Noise cancelling is one of the toughest technologies for headphone manufacturers to master, partly because it’s hard to make a headphone sound good whether noise cancelling is on or off, and partly because much of the best technology is heavily patent-protected. Still, as I walked the aisles of the 2016 International CES (which opened on Wednesday), I found several new noise-cancelling headphones worthy of a serious evaluation and a long listen -- or at least a bemused glance. Here are the noise-cancelling headphones I’ve found so far at the show. All prices in USD.
If you haven’t heard of ALMA (Association of Loudspeaker Manufacturing and Acoustics International), I would not be surprised. I first heard of it a few years ago from some speaker designers who encouraged a few of us at the SoundStage! Network to attend. The annual ALMA Symposium and Expo takes place in Las Vegas, just prior to CES, and is an important meeting place for speaker manufacturers and designers. In fact, according to Barry Vogel, the association’s manager, ALMA is one of the best-kept secrets in the audio business.
The show floors at the 2016 International CES in Las Vegas opened yesterday, and predictably, it was a loud madhouse of people -- and at the Las Vegas Convention Center (LVCC), where I spent the day, it was also a madhouse of plastic. This is where most of the mass-market audio products are displayed, including the big brands known to anyone who has ever shopped for headphones in a Best Buy or Target. But the LVCC also contained exhibits from a few companies with products geared to serious listening, and those are the ones I'll focus on here. This is just the start -- I’m headed back for more as soon as I finish here. All prices in USD.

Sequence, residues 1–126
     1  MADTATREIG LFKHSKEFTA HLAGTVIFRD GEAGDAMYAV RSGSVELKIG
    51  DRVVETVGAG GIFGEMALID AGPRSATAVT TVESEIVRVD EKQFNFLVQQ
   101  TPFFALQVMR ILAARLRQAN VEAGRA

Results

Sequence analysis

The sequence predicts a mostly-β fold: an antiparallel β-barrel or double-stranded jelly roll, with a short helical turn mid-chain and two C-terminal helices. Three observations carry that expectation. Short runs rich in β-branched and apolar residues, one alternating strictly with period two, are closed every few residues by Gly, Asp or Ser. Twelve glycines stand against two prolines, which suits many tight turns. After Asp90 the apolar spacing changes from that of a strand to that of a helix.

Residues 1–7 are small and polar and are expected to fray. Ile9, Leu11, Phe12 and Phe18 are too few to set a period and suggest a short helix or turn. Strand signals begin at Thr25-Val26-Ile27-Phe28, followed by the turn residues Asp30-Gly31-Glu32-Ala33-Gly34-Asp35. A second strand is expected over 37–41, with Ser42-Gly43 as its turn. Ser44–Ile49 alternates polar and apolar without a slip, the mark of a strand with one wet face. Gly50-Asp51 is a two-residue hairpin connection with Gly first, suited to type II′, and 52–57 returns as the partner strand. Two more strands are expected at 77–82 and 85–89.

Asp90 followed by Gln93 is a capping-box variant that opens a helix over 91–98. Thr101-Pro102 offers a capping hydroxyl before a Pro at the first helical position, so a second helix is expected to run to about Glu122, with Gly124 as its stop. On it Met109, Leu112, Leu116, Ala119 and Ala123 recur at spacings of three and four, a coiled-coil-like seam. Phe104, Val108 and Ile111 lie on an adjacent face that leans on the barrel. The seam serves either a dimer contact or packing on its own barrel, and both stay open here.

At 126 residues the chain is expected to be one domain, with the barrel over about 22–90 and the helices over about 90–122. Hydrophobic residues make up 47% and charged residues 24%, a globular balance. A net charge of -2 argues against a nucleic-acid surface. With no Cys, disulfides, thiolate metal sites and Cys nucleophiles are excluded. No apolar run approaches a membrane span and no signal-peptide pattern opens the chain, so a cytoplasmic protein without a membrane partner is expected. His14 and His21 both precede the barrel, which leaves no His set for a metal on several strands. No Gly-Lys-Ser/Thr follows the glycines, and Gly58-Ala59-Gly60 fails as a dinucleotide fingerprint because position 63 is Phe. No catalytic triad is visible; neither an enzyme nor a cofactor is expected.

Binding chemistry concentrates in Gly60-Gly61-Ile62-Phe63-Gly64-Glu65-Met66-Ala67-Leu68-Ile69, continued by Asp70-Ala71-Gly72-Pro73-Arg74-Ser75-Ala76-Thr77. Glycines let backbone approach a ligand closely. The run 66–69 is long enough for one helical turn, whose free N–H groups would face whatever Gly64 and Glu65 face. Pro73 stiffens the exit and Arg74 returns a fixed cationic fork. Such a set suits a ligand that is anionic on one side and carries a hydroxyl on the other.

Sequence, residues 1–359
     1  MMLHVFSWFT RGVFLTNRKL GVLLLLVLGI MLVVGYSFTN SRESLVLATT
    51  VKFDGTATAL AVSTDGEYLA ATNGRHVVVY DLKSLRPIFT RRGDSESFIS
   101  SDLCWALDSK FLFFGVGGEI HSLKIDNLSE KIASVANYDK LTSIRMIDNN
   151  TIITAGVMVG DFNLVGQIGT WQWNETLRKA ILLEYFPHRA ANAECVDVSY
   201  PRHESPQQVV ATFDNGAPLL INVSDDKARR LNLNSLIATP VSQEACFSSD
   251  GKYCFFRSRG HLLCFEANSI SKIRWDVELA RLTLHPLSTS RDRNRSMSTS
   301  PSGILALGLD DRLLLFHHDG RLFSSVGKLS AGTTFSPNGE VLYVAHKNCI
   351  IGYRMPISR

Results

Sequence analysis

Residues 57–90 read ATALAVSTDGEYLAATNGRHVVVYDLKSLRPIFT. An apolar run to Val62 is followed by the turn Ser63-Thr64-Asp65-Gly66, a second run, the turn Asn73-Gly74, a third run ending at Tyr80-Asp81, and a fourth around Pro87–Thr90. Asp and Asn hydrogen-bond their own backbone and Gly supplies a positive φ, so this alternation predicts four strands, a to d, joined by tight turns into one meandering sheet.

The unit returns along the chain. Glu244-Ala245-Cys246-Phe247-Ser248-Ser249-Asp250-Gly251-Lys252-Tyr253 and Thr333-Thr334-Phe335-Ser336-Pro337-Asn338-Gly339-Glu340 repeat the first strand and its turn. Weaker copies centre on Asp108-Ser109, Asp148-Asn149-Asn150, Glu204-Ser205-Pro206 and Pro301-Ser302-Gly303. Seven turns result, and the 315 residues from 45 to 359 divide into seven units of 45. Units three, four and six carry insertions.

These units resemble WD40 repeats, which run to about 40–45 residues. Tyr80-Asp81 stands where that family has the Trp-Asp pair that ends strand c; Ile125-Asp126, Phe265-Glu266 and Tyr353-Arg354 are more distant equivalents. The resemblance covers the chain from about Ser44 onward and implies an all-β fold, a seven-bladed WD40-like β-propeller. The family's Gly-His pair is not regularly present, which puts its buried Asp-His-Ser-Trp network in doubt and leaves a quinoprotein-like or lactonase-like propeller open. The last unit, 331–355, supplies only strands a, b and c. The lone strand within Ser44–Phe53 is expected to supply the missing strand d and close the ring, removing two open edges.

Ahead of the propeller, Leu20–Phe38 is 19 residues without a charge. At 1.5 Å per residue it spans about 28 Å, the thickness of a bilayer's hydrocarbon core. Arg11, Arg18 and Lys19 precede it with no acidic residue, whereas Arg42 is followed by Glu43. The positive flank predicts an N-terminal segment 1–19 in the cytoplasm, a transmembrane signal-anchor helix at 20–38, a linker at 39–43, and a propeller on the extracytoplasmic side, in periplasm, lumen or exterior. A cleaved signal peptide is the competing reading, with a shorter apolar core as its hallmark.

On November 17, 2015, the Bang & Olufsen company celebrated its 90th anniversary by releasing what, when I first saw a picture of it, looked to be one of the stupidest loudspeaker designs ever created -- the BeoLab 90, a fully powered, DSP-controlled transducer featuring more than a dozen drivers pointing this way and that, no doubt intended to splay sound all over the room. It’s priced at $80,000 USD per pair. I’ve long liked 360-degree-radiating designs, but this looked way too out there to actually work.
The 2016 International CES -- the world’s largest and most important consumer electronics show -- kicked off on Monday, January 4, in Las Vegas with CES Unveiled, a preview event for press only. Unveiled packed more than 150 exhibitors and roughly 1,200 press into a single ballroom at the Mandalay Bay Convention Center. The booths were small, typically just 10' by 10', so Unveiled was mainly a chance for some of the smallest, newest, and most innovative companies to show their stuff. Because most of the press attending Unveiled were from general-interest publications and broadcasters, most of the audio products shown were in mainstream categories such as headphones and wireless speakers.
SoundStage! Global is part of
All contents available on this website are copyrighted by SoundStage!® and Schneider Publishing Inc., unless otherwise noted. All rights reserved.
This site was designed by JoomlaShack, Karen Fanas, and The SoundStage! Network.
To contact us, please e-mail firstname.lastname@example.org